Saturday, 25 February 2012

Relationship Advice

I'm afraid it's not that sort!  I have been intending to write a blog post for about a week but struggling with a topic.  Today I trekked to Petit Library to pick up a DVD that was on hold for me and I ended up having a great conversation with one of the librarians.  On my trek home, in between taking pictures of the snow and snow mobiles, I decided that what she had said had inspired me to blog so here goes.

Exciting snow probably didn't appreciate me taking a photo of him
As the regular readers of my blog will know, I have been involved with the Syracuse Little Free Library Project and I am happy to tell you that it is going very well - there are over 120 books in circulation from the first one alone and we are planning the next two libraries in the Near Westside already.  During my conversation today, which progressed from my enquiry regarding their library garden project to the role of modern libraries, the librarian expressed the opinion that Petit should become a 'community hub' since information does not just come from books any more.  I brought up the Little Free Libraries Project and she was thrilled to hear how successful it was, especially because children in that area have difficulty using the library due to holds on their or their parents' accounts.

This recent article on phone booths in NYC being turned into little libraries and James Econs' 'phonebox' in Kingston, London slotted into our discussion well and the topic of community involvement was brought up.  I explained that a main focus of the LFL project had been to get the community involved from the start and to ensure that they had a vested interest in the finished library.  We have gone some way to ensuring this with the community steward and book plates to show by whom they were donated.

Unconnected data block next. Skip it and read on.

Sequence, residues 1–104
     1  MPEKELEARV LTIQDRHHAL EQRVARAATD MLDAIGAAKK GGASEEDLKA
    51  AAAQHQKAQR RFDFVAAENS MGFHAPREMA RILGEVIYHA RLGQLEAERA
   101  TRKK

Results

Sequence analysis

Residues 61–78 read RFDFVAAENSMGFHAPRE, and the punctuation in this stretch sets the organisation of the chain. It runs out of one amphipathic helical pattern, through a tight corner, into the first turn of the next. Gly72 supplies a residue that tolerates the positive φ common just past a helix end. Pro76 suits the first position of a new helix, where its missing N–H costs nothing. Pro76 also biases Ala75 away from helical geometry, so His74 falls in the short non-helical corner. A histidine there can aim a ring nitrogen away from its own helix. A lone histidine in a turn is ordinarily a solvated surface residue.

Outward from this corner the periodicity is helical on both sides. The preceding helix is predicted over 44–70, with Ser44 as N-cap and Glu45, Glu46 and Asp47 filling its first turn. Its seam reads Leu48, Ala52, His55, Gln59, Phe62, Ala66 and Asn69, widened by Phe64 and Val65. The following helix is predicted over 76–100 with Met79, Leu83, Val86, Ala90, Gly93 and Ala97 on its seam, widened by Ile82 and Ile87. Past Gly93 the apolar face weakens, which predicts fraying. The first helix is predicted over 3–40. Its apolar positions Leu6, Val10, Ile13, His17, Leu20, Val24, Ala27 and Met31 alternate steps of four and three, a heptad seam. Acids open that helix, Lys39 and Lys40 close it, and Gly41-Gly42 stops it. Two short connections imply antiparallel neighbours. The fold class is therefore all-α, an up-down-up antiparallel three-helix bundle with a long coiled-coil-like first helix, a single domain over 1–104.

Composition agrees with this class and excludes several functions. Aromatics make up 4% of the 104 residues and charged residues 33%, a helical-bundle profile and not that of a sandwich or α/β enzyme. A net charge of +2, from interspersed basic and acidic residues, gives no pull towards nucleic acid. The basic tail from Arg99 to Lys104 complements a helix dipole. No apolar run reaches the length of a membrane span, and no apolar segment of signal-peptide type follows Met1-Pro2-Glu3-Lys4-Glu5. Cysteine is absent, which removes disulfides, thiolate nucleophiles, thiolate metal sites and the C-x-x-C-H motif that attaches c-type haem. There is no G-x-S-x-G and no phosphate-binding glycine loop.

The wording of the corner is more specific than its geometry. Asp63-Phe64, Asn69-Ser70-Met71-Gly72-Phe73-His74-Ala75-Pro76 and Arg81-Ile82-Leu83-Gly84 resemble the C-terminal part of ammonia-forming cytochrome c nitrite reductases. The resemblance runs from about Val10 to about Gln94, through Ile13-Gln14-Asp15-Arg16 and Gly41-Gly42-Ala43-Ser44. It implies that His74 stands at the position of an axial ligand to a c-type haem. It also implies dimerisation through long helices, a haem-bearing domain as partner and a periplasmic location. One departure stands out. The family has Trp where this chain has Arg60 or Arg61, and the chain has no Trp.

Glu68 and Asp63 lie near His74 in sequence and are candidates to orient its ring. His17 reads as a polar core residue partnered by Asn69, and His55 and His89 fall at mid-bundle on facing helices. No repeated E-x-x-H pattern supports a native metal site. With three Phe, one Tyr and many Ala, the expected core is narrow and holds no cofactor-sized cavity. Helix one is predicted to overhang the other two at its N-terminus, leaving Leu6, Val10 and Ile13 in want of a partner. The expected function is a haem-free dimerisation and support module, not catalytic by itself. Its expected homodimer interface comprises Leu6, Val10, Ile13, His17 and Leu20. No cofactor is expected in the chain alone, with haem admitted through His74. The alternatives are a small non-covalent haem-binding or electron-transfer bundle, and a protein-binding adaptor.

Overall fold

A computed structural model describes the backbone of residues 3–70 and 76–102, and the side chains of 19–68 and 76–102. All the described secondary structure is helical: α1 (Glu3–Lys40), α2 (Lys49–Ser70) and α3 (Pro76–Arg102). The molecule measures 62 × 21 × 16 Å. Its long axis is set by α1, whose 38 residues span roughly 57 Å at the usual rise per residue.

Inside of the 'phonebox' (image from here)
The librarian was at pains to emphasise the importance of relationships in her experiences within and outwith libraries.  If people feel that they are borrowing books from a community-organised project then they will be more likely to participate than if it was associated with a larger institution.  It is necessary to build relationships wherever we are and whatever we are doing, you never know how beneficial they will be.  It is by bridging the gaps in society with communication that we can improve the communities in which we live and there are many ways in which libraries can assist in this process from St Patrick's Day craft activities to Little Free Libraries to reading gardens.  It was encouraging to chat with a librarian so in tune with what we are studying at Library School and I am heartened that what I am learning will be perfectly applicable in the field.

And in other news...

Book clutches by Olympia Le Tan (image from here)

My Mum sent me a newspaper article about these cute clutches, which are currently taking the red carpet by storm.  If only I had a spare £1,400....

Monday, 13 February 2012

Shared Spaces